introductory volume for a fully developed curriculum, complete with scripted lessons, activities, and lesson plans. For more on the Telling Gods Story curriculum, visit

    I hope that the pattern laid out here will help you develop a real sense of purpose and excitement at the prospect of teaching your children the Christian faith to which our Scripture bears witness. Gods word is meant to be taught by faithful parents (Deuteron-omy 6:49; Proverbs 1:8; 2 Timothy 1:5). This book is intended to aid in that process.

    Pete Enns, PhDLansdale, PA

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    Chapter One

    Laws About Mildew and Dragons With Crowns

    Why the Bible is such a difficult book to teach

    Throughout their teenage years, all three of my children have had issues with keeping their rooms even remotely presentable. (One child in particular comes to mind. You know who you are.)

    As any parent of teenagers can attest, the dialogue is predict-able: I cant see the floor. You need dynamite to get from one end of the room to the other. How can you live in this mess? I could torch half the clothes on the floor and you wouldnt even miss them. You kids today; when I was your age. . . .

    This has been going on for years, and it gets us nowhere.Finally, the child with the particular issue and I decided that

    the main reason for the mess was that there was no good place for organizing clothes. I suddenly saw a ray of hope. I grabbed my keys, hopped in the car, and bought a closet organizing system (a bit pricey, but in times of crisis money is no object). I had it up in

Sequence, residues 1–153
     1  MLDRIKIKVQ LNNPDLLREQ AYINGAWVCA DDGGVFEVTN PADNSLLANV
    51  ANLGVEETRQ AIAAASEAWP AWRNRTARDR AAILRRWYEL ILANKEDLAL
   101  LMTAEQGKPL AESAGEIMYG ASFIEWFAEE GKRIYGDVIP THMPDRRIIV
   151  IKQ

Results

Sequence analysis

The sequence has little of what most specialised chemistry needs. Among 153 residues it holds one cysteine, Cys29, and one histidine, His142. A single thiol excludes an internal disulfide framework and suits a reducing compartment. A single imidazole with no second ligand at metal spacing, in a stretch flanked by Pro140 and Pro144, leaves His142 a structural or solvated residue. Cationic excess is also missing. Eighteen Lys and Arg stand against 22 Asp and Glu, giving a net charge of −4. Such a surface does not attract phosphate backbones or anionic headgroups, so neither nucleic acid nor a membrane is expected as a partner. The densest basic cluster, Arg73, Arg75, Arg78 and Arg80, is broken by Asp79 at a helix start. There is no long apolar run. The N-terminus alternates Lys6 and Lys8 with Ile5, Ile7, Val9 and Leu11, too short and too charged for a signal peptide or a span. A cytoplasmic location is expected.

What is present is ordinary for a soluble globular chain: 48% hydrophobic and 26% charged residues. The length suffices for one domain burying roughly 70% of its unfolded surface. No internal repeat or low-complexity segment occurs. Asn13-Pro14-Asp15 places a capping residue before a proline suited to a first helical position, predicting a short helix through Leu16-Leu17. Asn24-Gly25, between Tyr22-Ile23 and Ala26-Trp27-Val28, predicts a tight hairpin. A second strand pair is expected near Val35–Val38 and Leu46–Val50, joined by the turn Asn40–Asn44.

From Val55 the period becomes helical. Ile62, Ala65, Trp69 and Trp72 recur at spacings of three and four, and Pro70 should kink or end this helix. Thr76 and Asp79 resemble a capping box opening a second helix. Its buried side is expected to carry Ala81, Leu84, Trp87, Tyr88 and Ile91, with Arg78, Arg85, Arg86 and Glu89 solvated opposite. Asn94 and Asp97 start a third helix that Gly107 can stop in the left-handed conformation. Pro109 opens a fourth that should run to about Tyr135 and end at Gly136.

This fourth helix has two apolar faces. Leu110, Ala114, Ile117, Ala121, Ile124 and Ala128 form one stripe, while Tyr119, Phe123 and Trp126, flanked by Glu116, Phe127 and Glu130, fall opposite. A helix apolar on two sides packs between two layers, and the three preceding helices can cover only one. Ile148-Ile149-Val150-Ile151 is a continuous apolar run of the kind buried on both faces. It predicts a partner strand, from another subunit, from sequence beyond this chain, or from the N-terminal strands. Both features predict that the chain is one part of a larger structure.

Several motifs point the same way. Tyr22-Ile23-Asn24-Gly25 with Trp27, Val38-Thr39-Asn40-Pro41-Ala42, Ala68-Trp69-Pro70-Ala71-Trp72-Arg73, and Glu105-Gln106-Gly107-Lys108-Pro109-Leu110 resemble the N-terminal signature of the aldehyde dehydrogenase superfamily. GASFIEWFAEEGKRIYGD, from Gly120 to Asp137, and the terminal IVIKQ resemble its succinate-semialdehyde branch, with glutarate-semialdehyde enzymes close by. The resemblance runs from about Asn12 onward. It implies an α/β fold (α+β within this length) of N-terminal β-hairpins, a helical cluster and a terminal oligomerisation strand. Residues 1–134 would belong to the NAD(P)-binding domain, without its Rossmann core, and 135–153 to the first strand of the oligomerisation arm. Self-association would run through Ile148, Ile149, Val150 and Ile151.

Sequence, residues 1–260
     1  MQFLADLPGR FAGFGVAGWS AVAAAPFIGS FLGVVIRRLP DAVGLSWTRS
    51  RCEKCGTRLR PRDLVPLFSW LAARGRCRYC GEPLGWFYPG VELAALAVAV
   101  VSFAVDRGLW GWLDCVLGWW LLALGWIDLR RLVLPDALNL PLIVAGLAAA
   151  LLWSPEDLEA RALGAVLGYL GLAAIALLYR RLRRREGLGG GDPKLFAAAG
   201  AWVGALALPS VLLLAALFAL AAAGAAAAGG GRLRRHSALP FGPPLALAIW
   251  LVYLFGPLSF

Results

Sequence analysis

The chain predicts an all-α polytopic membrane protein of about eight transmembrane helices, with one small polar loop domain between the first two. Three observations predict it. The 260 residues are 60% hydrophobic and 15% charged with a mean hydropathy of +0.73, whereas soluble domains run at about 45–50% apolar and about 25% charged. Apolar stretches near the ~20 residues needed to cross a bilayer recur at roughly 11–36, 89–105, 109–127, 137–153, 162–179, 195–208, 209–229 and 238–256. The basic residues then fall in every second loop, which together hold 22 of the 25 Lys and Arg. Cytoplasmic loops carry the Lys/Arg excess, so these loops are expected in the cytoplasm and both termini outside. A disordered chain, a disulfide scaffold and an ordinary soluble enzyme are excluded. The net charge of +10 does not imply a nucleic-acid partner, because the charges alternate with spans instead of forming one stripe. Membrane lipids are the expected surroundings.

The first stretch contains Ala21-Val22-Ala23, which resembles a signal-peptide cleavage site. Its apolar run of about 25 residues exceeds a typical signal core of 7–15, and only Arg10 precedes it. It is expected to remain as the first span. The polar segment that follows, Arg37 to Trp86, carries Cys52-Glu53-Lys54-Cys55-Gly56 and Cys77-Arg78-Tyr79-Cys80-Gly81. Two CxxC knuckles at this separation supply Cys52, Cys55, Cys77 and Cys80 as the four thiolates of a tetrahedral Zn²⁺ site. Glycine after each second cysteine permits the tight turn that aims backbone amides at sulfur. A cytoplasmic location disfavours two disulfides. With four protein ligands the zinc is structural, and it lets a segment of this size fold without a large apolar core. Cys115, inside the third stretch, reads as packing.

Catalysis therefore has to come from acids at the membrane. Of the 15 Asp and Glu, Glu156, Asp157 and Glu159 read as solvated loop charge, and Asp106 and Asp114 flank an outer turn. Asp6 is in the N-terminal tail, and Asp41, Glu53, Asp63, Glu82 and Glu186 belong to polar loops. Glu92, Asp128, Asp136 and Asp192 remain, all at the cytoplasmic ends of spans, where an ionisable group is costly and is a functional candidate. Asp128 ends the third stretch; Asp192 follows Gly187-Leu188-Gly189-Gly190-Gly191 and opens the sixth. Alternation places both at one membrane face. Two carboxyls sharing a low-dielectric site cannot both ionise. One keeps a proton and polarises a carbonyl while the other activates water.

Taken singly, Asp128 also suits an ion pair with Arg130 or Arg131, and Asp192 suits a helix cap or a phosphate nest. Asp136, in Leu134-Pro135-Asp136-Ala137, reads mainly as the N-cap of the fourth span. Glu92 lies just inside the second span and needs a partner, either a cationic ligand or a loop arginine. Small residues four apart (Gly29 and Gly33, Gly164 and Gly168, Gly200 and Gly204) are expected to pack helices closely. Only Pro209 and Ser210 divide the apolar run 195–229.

• 10 Telling Gods Story: A Parents Guide to Teaching the Bible

    two hours, and now my family is living happily ever after (until the next crisis emerges).

    For many parents, the Bible looks a little bit like my childs room. Its a mess. Names, places, events are all over the place, and you hardly know where to start cleaning up. Its such a mess, in fact, that if someone ripped twenty pages out of Leviticus or 1 Chronicles, you might not even notice it was missing. And if your aim is to teach the Bible to your children, the mess isnt just confus-ing. Its stressful.

    This book is for parents who want to do a good job with the important but daunting task of teaching the Bible. And just like the airplane oxygen mask that youre supposed to put on yourself first before you put it on your children, this book is first and foremost about you.

    Take a step back from the thought of teaching your children and focus on yourself for a moment. This is very important, for how you see the Bible will influence your children as much as any curriculum.

    Think about your own history of reading Scripture. For example, have you ever tried reading the Bible through from beginning to end (maybe as part of a Bible in a year reading program of some sort)?

    It is January 1, and you are determined to make a go of it. But its difficult. You start out with the best of intentions, and things coast along well enough for a while. Genesis is pretty interesting, even though it is fifty chapters long. The Joseph story is nice: sex-ual intrigue, a little spying.